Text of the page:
Tompkins Clarifies Testimony on OEM vs. Replacement Installations in 2003 Ultra Bond Suit
June 8, 2009

In recent months, testimony SIKA Corp. western sales manager Carl Tompkins provided in a 2003 suit involving long-crack repair has been circulated around the Internet and throughout the industry and has been the topic of much discussion. Tompkins took the time this week to clarify the testimony, which he says dealt with whether OEM installations (completed in the factory) are always preferable to aftermarket installations.

“ … State Farm contacted me for an opinion, considering my 30-plus years in the industry, concerning the subject of OEM auto glass installations and aftermarket installations and whether OEM auto glass installations can be consistently considered more trustworthy than those completed in the aftermarket,” Tompkins says. “My response was, ‘no,’ which I substantiated with a number of situations where OEM auto glass installations have been found to have problems with proper glass retention. In summary, while both the aftermarket and OEM glass installations have respectable track records, both, too, have experienced their share of problems, but neither can fairly be considered more reliable than the other.”

In the 2003 testimony, Tompkins writes, “Although there is room for improvement, the incidence of injuries, or alleged injuries, from improperly replaced windshields is extremely low. At a national conference conducted in Minneapolis on May 25, a panel of experts shared that in the last 20 years over 120 million windshields have been replaced. Within this body of work only 9 known suits have been filed referencing fault within the glass replacement; a percentage of failure too small to measure.”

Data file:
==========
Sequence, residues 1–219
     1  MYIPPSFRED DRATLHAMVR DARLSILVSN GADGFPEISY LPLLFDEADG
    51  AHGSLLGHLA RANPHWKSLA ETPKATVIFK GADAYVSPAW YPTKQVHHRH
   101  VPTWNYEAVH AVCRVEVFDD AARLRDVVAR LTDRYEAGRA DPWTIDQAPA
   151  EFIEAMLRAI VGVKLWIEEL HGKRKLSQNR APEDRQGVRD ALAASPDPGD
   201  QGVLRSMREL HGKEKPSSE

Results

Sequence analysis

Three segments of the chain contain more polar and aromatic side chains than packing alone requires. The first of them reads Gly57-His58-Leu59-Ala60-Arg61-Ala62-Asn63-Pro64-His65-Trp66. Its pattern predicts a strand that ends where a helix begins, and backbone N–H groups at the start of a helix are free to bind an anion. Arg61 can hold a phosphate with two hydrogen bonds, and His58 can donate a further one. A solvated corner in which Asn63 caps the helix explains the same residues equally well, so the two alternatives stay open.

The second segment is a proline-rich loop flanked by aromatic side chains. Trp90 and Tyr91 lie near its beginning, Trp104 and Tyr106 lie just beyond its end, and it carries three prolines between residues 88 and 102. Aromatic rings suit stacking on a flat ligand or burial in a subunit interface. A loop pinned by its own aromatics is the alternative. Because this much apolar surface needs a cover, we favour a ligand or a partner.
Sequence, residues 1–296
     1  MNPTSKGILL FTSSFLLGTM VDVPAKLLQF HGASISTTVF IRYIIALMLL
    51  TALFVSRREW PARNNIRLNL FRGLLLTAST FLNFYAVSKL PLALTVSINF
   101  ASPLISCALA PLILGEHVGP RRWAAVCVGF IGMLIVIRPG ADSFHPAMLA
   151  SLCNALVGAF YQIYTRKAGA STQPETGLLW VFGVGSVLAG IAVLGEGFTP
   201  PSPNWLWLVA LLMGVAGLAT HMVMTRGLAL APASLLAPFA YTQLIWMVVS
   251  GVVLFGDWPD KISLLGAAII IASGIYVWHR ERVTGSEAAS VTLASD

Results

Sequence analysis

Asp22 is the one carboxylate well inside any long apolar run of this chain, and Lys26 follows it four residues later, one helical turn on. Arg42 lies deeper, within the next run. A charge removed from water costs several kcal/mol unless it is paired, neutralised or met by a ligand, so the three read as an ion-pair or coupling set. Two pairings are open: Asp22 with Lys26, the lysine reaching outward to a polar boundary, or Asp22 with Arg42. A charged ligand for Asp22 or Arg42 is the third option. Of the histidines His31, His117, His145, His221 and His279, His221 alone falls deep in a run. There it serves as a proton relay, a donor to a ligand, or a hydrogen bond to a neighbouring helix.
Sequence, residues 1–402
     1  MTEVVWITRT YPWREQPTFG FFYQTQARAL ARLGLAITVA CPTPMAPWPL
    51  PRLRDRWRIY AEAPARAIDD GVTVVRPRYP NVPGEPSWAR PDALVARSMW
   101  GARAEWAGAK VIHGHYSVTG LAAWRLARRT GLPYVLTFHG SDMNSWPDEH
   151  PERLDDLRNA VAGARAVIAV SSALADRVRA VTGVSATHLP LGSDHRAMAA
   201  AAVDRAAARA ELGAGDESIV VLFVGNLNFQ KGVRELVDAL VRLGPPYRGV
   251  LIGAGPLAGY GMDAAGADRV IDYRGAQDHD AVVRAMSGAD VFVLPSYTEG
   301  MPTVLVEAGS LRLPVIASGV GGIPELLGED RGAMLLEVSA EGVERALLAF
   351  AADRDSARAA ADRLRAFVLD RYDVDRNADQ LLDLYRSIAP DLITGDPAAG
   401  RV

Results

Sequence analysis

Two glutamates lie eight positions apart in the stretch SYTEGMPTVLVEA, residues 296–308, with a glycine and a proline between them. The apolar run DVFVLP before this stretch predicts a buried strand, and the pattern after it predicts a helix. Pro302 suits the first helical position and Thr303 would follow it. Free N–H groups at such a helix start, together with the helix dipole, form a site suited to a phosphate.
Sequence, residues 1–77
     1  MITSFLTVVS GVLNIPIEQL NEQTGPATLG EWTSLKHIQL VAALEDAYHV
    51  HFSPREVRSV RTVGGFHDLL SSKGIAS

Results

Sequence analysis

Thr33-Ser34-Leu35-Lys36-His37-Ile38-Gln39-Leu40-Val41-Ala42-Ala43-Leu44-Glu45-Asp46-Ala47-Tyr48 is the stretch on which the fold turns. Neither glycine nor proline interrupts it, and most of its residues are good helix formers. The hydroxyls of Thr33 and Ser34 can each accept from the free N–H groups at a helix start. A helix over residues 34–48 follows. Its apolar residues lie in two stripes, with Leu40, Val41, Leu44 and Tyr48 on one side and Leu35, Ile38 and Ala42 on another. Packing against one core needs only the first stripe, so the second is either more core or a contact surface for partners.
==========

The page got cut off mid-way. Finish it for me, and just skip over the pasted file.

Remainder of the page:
Some industry representatives have questioned whether the above statement contradicts some of the statements Tompkins has made at various safety presentations regarding the prevalence of safe aftermarket installations. However, Tompkins says the testimony is on a different topic—whether OEM installations are always better than aftermarket—and that there is no other correlation between the two items.

“Pertaining to the question of my opinion conflicting with the message and intent of AGRSS, to be accurate in judgment, there is no direct correlation,” he says. “My opinion to State Farm focused strictly on the subject of comparing OEM installation to after market installation, while my message concerning AGRSS is that the only people having the right to conduct auto glass installations are those who do it right.”

He adds, “I'm of the same opinion of [the OE manufacture] of automobiles in that I hope that the paint and primer systems function properly as part of the auto glass retention system and that the robotic applicators remember to agitate the auto glass primers properly during the auto glass installation process, etc. For the life of me, I cannot think of anyone with a lick of common sense that wouldn't agree with these two positions.”

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